A77/5N high ISO comparison

Started Oct 30, 2011 | Discussions
RicksAstro
RicksAstro Veteran Member • Posts: 3,879
A77/5N high ISO comparison

If you're looking for pretty pictures, you'd best go elsewhere...all I have is a picture of my messy desk.

I've been playing with both of these cameras for a few days and have really enjoyed what both can bring. I also have the LA-EA2 adapter for the 5N so can put the Alpha lenses on with full PD AF (along with the 1/3 stop reduction in light).

I decided to test first hand the noise comparison of the king of high ISO (5N) and the noisemaker (A77) with exactly the same lens(16-50 2.8) and exactly the same exposure (1/30 f2.8 ISO3200). They both had the translucent mirror in front, so the amount of light hitting the sensor should have been the same.

I metered with the 5N to get that exposure and it was about 1/3 stop darker than the A77 at the same exposure. This is consistent with what has been seen at all the sites...the 5N's ISOs aren't as sensitive as other cameras and will require more light for the same brightness of the image. This gives the 5N an advantage in comparisons using metered tests as has been shown here and on Imaging Resource. This is why it seems like the high ISO king, but in reality is in line with all the other newer sensors.

I normalized the brightness in raw ACR processing to bring them in alignment. I turned all noise reduction and sharpening off and processed neutrally and exactly the same. I resized the A77 to match the 5N's size for a fair comparison. Neither looks pretty, but 100% crops of ISO3200 in very low light seldom do.

Generally, the noise is virtually identical, with ever so slightly more color noise with the A77...within sample variation I'd think. There is slightly more detail shown on the A77 and more aliasing on the 5N. But none of these differences are significant in the slightest at this ISO.

All of this supports DXO's numbers. Basically, higher megapixels gives ABSOLUTELY NO penalty noise-wise when viewed at the same image size and in fact offers a slight resolution increase even at high ISOs.

It is disappointing that the review sites emphasize the "bad" high ISO performance of this sensor, since it only loses the 1/3 stop of the mirror on the A77. DPR did show the comparison with the A55 and showed it equaled it, but in the end concluded "Very noisy raw files at high ISO settings" which to me is a ridiculous statement!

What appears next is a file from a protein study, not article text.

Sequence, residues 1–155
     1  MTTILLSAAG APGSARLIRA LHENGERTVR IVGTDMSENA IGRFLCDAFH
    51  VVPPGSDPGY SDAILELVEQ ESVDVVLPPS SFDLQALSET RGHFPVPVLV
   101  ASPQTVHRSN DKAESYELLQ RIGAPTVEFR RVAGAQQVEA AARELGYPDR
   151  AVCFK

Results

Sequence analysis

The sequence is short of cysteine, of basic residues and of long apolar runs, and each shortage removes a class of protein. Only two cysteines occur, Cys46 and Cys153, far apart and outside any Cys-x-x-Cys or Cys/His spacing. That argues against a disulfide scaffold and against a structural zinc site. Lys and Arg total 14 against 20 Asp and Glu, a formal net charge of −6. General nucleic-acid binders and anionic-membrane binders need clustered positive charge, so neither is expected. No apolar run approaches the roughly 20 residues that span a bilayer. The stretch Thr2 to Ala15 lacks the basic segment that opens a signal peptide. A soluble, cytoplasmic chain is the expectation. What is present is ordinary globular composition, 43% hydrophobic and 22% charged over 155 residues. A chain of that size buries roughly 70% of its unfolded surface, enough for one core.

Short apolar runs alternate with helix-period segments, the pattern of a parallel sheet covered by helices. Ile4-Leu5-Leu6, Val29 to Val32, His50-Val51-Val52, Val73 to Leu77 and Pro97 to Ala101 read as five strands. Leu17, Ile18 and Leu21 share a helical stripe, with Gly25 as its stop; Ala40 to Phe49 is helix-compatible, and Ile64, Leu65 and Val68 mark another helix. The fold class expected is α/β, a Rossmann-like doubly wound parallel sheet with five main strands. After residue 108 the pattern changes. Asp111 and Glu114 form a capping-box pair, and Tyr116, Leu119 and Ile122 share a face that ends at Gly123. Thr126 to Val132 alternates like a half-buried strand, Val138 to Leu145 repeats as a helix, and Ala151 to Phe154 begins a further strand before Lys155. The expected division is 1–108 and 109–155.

I do agree that the JPG engine could use some configure-ability. But in using it more, I feel they've taken Olympus' approach of optimizing it for viewing at normal magnifications/prints (reduce very high frequency noise/details, sharpen/emphasize medium-high frequency details) and I find it difficult to duplicate in Photoshop and tend to like it better than what I can produce from RAW unless I want to view/crop at 100% which I normally don't.

A77 on the left, 5N on the right.

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perry rhodan
perry rhodan Senior Member • Posts: 1,952
Re: A77/5N high ISO comparison

E x c e l l e n t ! Comparison.

Thanks so much for posting this. Read it a couple of times and also on other posters threads. The actual viewing size and pixelpeeping are two entirely different things.

Regards Perry

TrojMacReady
TrojMacReady Veteran Member • Posts: 8,729
Great stuff, was waiting for this test.

RicksAstro wrote:

If you're looking for pretty pictures, you'd best go elsewhere...all I have is a picture of my messy desk.

I've been playing with both of these cameras for a few days and have really enjoyed what both can bring. I also have the LA-EA2 adapter for the 5N so can put the Alpha lenses on with full PD AF (along with the 1/3 stop reduction in light).

I decided to test first hand the noise comparison of the king of high ISO (5N) and the noisemaker (A77) with exactly the same lens(16-50 2.8) and exactly the same exposure (1/30 f2.8 ISO3200). They both had the translucent mirror in front, so the amount of light hitting the sensor should have been the same.

I metered with the 5N to get that exposure and it was about 1/3 stop darker than the A77 at the same exposure. This is consistent with what has been seen at all the sites...the 5N's ISOs aren't as sensitive as other cameras and will require more light for the same brightness of the image. This gives the 5N an advantage in comparisons using metered tests as has been shown here and on Imaging Resource. This is why it seems like the high ISO king, but in reality is in line with all the other newer sensors.

I normalized the brightness in raw ACR processing to bring them in alignment. I turned all noise reduction and sharpening off and processed neutrally and exactly the same. I resized the A77 to match the 5N's size for a fair comparison. Neither looks pretty, but 100% crops of ISO3200 in very low light seldom do.

Generally, the noise is virtually identical, with ever so slightly more color noise with the A77...within sample variation I'd think. There is slightly more detail shown on the A77 and more aliasing on the 5N. But none of these differences are significant in the slightest at this ISO.

All of this supports DXO's numbers. Basically, higher megapixels gives ABSOLUTELY NO penalty noise-wise when viewed at the same image size and in fact offers a slight resolution increase even at high ISOs.